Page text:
Union officials not threatening strike despite authorization by Hyundai rankandfile Getty Images

Union officials not threatening strike, despite authorization by Hyundai rank-and-file.

Contentious Labor Talks Complicate Hyundai’s Plight

Many analysts think a strike is probable, given the union’s seemingly inflexible non-wage demands. They also believe Hyundai is sincere when it says the union’s wage demands are excessive and cannot be met.

The negotiating teams of Hyundai Motor and its labor union are working to resolve the union’s wage and working conditions demands by July 28, although the automaker has called them excessive and impossible to meet.

Most analysts expect the process to drag on into August, as it appears both sides currently are at an impasse. A dramatic breakthrough cannot be ruled out.

Hyundai’s first-half results released Wednesday, July 26, show the automaker’s claims of financial difficulty are not a red herring.

Hyundai revealed its global sales for the first six months of 2017 were down 8.2%, with 2.2 million units sold in all markets. By omitting poor China sales, the automaker says, the tally would be 1.9 million units, an increase of 1.5%.

Domestic sales were off 1.8% at 344,130 units.

Hyundai’s first-half operating profit plunged 16.4% year-on-year to 2.6 trillion won ($2.3 billion) and net profit plunged 34% to 2.3 trillion won ($2.1 billion) compared with 3.5 trillion won ($3.2 billion) earned in like-2016. The sharp profit declines occurred even while total revenue for first-half 2017 was up 1.4% at 2.3 trillion won.

Apparently anticipating release of these unfavorable numbers, the president of the Hyundai branch of the Korean Metal Workers Union said July 18 his bargaining team had decided not to announce plans to use strike action to force management to grant its wage demands, despite having received rank-and-file approval to do so.

Instead, the union announced it will continue negotiating without threatened strike action in an effort to reach a tentative agreement by Friday, July 28, when Hyundai and all other corporations in Korea begin their annual 2-week vacation.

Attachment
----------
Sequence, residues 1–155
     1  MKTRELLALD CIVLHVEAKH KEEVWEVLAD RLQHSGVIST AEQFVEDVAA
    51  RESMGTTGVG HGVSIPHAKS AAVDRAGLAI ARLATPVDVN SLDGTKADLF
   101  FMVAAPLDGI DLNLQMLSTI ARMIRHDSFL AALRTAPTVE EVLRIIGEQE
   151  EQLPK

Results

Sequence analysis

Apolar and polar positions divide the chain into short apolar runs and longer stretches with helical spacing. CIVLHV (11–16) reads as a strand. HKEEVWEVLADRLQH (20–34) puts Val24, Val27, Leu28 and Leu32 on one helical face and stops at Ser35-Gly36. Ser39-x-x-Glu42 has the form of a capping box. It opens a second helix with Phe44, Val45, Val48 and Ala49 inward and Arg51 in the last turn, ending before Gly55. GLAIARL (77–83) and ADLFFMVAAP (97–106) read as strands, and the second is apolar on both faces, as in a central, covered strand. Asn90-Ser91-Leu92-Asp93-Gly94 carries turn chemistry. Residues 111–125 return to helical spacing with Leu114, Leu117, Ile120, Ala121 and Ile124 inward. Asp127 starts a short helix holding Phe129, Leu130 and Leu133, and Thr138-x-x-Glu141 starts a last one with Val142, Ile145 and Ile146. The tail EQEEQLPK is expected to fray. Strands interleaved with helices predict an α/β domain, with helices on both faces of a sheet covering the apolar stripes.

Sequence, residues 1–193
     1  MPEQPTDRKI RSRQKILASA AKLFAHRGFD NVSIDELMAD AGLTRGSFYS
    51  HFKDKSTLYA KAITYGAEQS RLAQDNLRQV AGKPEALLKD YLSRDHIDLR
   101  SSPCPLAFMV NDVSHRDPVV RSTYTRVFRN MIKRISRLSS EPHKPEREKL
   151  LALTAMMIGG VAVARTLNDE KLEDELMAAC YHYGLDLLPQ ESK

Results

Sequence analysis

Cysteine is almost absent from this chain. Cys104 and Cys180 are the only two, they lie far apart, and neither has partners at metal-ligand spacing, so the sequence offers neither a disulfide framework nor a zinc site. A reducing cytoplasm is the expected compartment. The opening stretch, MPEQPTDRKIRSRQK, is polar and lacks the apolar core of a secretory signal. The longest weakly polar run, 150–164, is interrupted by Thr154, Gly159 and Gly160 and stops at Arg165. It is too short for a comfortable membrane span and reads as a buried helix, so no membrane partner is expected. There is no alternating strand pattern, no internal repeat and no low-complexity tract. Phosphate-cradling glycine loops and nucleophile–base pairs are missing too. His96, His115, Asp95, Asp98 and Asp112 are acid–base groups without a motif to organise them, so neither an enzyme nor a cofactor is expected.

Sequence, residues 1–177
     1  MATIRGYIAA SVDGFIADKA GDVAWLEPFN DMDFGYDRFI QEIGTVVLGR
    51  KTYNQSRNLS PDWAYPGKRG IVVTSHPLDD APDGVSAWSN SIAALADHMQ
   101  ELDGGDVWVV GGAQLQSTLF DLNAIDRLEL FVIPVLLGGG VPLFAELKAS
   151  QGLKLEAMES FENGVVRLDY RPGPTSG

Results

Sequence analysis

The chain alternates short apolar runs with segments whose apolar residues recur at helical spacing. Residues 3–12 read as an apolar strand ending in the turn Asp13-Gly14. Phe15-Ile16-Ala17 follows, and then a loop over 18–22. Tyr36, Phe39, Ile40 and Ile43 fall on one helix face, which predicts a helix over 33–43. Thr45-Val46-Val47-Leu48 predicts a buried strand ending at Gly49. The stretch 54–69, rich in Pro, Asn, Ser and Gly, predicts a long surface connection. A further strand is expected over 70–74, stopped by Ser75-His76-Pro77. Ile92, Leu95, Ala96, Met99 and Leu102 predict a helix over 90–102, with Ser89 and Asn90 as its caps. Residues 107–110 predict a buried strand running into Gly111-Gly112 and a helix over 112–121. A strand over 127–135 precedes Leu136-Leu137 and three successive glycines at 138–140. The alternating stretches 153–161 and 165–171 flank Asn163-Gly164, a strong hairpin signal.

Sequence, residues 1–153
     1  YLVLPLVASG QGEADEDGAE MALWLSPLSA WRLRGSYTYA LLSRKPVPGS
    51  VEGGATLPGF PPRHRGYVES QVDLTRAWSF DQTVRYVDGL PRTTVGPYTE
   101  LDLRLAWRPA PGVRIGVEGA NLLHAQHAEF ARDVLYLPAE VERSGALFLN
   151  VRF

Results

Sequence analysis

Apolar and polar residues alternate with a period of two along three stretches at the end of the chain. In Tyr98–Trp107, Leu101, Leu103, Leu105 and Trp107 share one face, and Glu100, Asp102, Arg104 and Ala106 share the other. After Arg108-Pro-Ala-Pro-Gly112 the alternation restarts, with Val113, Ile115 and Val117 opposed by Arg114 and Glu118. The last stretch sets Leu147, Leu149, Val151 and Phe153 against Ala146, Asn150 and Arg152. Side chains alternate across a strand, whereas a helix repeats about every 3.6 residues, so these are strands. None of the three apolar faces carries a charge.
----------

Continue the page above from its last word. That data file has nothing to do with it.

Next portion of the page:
However, the union has shown no sign of backing down from its 154,883 won ($138) monthly wage-increase demand, coupled with a bonus of 30% of 2016 net profits shared among workers.

Additionally, the union is not giving up its quest to force Hyundai to put all workers on a monthly salary instead of the current hourly wage system, and it is not dropping its demand to change the current 8/9-hour 2-shift work system to an 8/8 hour system.

Talks Likely to Resume in August

It is doubtful an agreement will be made before July 28, in which case union spokesmen say bargainers will reconvene Aug. 7 to decide how to proceed, including possible strike action.

Many analysts believe a strike is probable, given the union’s non-wage demands seem inflexible and KMWU officials believe the climate for winning worker demands is favorable under the administration of Korea’s new left-leaning President Moon Jae-in.

The analysts also believe Hyundai is sincere when it says the union’s wage demands are excessive and cannot be met. Hyundai is offering something around half of what the union wants in the way of a monthly wage increase, and a flat bonus payment that is far less than a pro-rated 30% share of 2016 net income.

Analysts also believe the union officials decided not to announce strike action plans because of concerns about negative public reaction. Virtually every major newspaper in Korea has published editorials decrying excessive union demands in light of Hyundai Motor’s the current plight.

Some analysts note that when 65.9% of Hyundai workers who voted July 14 authorized the union to call a strike, it was the lowest percentage in favor of a strike in all such votes held during the past decade.

They believe this reflects the workers’ own concerns about the automaker’s financial situation as well as their knowledge of the country’s generally poor economic situation.

Workers themselves suffered wage declines last year when the union called partial strikes 24 times and refused weekend overtime 12 times in succession during the protracted negotiating period. The hourly workers are not compensated for missing work when a plant is shut down by a strike.

Under the salary system the union is demanding workers would receive their full monthly wages regardless of the number of hours they worked. Whether this would apply to lost production time caused by strikes is not clear.

What is clear is Hyundai’s dire predicament. Hyundai says first-half retail sales were down 1.7% in Korea with 344,000 units sold, off 28.8% in China with 361,000 units sold, and off 7.4% in the U.S. with 346,000 units sold.

The company hopes the release of its new compact CUV, the Kona, in the U.S. and Europe in the second half will give push sales upward. 

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